Chromatin bridges were first studied by Barbara McClintock in maize in 1930’s (McClintock, 1941). After X-ray treatment, the broken ends of maize chromosome tend to fuse with one another. When fused chromosomes are pulled toward opposite poles during mitosis, chromatin bridges are created (McClintock, 1941). Alternatively, chromatin bridges can also result from persistent intermediates of recombinational repair such as Holliday junctions, from the intertwining of chromosomes, and from chromosomal loci that have not been replicated by the time cells reach the metaphase-anaphase transition (Finardi et al., 2020; Figure 1A). Regions susceptible to under-replication include centromeres, telomeres and common fragile sites, all containing sequences inherently difficult to replicate (Mankouri et al., 2013). Indeed, incomplete genomic DNA replication is estimated to happen frequently in unperturbed human cells (Moreno et al., 2016).
Figure 1. Model of different cellular responses to chromatin bridges during cell division. (A) Chromatin bridges arise from incomplete DNA replication, unresolved recombination intermediates, and DNA catenation can be detected by Aurora B kinase dependent NoCut checkpoint. The NoCut checkpoint delays abscission, which allows time for subsequent chromatin bridge resolution. In C. elegans chromatin bridges are resolved by the midbody-tethered LEM-3 endonuclease. LEM-3 is likely to be error-free and acts as “a last chance saloon” to protect against the severing of chromosomes and associated genome instability just before cell division is completed. It remains to be elucidated if LEM-3 and its mammalian homolog ANKLE1 are regulated by the NoCut checkpoint pathway. (B) Chromatin bridges that fail to trigger the NoCut checkpoint in yeast can be severed by a process that involves the TREX1 exonuclease and APOBEC3A/B deaminases in human cells (left panel). Severing can also occur by actomyosin dependent mechanical force (right panel). These pathways are highly toxic and frequently lead to aberrant chromosomal rearrangements and the formation of micronuclei.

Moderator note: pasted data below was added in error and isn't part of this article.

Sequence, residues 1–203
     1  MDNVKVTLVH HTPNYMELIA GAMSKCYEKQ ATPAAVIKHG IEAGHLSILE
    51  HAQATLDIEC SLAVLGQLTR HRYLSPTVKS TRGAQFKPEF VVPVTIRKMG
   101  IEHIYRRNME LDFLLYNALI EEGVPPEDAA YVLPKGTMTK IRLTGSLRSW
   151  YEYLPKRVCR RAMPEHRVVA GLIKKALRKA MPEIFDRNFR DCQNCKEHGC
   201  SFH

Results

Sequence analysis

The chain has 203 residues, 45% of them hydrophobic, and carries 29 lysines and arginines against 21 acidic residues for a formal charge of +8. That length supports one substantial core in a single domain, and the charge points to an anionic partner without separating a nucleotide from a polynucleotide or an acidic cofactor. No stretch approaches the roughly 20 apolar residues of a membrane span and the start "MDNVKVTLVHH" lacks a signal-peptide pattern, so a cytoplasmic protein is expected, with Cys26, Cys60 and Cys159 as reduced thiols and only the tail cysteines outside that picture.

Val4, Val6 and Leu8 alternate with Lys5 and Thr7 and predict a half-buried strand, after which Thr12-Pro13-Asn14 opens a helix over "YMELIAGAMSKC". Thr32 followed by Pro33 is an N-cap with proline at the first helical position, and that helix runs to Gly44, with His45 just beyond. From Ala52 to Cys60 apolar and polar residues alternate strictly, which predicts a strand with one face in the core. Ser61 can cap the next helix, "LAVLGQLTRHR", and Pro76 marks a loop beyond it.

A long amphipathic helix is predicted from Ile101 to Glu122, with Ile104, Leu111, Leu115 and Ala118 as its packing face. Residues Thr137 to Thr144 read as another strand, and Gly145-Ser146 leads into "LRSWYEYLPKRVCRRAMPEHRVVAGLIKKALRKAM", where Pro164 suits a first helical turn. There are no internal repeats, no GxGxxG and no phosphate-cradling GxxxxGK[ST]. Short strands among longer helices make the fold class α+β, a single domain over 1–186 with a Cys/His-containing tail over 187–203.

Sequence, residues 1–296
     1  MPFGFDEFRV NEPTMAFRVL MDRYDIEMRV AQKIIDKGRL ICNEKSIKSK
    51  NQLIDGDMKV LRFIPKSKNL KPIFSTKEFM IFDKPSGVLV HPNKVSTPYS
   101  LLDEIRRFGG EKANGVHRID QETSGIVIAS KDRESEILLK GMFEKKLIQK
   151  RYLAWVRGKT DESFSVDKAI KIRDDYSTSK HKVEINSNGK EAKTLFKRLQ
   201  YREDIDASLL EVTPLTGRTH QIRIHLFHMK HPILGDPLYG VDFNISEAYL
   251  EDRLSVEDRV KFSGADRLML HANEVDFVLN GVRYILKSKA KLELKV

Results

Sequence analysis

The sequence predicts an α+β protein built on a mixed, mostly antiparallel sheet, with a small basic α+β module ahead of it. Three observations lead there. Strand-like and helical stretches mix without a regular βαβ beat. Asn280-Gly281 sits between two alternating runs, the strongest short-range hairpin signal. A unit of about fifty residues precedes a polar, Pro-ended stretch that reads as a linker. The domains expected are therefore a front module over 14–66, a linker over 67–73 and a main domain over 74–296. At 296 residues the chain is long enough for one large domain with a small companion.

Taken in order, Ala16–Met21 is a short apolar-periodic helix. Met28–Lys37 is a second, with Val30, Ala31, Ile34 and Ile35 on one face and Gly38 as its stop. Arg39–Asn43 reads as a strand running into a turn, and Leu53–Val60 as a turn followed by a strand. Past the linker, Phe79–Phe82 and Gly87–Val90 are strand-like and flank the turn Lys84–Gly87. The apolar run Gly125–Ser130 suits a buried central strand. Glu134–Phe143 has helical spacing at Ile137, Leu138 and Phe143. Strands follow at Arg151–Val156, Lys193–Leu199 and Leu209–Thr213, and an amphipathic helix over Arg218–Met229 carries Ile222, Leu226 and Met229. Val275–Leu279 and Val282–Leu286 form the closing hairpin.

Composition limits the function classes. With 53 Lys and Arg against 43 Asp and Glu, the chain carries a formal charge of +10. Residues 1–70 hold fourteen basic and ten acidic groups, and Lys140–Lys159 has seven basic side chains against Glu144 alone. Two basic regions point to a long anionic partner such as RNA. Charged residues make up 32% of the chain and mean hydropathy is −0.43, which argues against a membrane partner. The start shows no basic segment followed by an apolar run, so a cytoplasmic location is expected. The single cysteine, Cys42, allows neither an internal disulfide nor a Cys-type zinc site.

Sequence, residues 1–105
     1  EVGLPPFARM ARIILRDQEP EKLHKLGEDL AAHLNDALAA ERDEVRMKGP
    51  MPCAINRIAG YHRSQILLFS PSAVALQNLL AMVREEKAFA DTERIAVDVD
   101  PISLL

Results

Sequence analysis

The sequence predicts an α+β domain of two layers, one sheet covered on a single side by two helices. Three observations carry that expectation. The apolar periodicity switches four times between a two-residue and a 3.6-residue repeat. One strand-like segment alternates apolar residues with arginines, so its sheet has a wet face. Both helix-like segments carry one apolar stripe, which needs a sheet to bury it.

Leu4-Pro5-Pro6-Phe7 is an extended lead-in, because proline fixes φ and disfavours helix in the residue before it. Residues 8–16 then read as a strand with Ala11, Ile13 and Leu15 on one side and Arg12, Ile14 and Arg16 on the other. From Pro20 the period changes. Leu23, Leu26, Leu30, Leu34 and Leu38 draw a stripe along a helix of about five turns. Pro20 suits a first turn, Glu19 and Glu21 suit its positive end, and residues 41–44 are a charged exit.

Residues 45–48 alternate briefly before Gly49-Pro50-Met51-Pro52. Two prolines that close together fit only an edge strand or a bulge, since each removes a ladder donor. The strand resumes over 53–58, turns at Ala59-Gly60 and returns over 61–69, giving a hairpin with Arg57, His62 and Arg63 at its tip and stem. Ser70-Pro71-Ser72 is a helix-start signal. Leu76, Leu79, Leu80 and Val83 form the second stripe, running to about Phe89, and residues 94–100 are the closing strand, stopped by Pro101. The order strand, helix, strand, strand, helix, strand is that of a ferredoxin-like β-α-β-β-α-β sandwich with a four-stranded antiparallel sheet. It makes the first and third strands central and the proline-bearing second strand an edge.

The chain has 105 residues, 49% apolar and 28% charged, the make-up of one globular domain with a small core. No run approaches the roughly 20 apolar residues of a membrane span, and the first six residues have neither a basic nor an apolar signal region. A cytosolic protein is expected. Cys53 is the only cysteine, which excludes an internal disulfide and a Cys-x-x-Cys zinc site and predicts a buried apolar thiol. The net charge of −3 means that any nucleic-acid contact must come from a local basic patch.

Error-Prone Chromatin Bridge Processing
Barbara McClintock noticed that the chromatin bridges can rupture at late anaphase or early telophase, leading to broken chromosome ends (McClintock, 1941). The broken ends of DNA are re-joined to form chromatin bridges in the next cell cycle, which leads to additional rounds of breakage-fusion-bridge (BFB) cycles. Surprisingly, whole genome sequencing of chromosomal end-to-end fusions resulting from telomere deficiency in both C. elegans and lymphoblastic leukemia samples revealed surprisingly complex genomic scars (Meier et al., 2014; Maciejowski et al., 2015). In addition to evidence for multiple rounds of BFB cycles, in both cases, initial BFB cycles appear to be followed by an interchromosomal fusion event where chromosomal fragments are randomly inserted into the breakpoint, reminiscent of chromothripsis (Meier et al., 2014; Maciejowski et al., 2015). Chromothripsis is a mutational process by which chromosomal fragments are scattered into a large number of small pieces and reintegrated into one or a few chromosomal loci in random orientation and order (Koltsova et al., 2019).
Recently, live-cell imaging and single cell whole genome sequencing have been combined to investigate a cascade of mutational events initiated by the breakage of chromatin bridges (Umbreit et al., 2020). Live-cell imaging revealed a transient, localized accumulation of actin and myosin on chromatin bridges just before they break. This actin and myosin assembly quickly dissolves after the breakage of chromatin bridges (Umbreit et al., 2020; Figure 1B). Indeed, defects in myosin activation or actin assembly induced by small molecule inhibitors substantially delayed or abrogated chromatin bridge breakage, suggesting that the tension generated by actomyosin force during cell division is required to break chromatin bridges (Umbreit et al., 2020). This mechanism is surprising, given that earlier studies had indicated that mitotic chromosomes are quite flexible and elastic, the pulling force exerted by the spindle on a chromosome being estimated to be one nano-Newton, far too weak to break a chromatin bridge (Houchmandzadeh et al., 1997; Bustamante et al., 2000).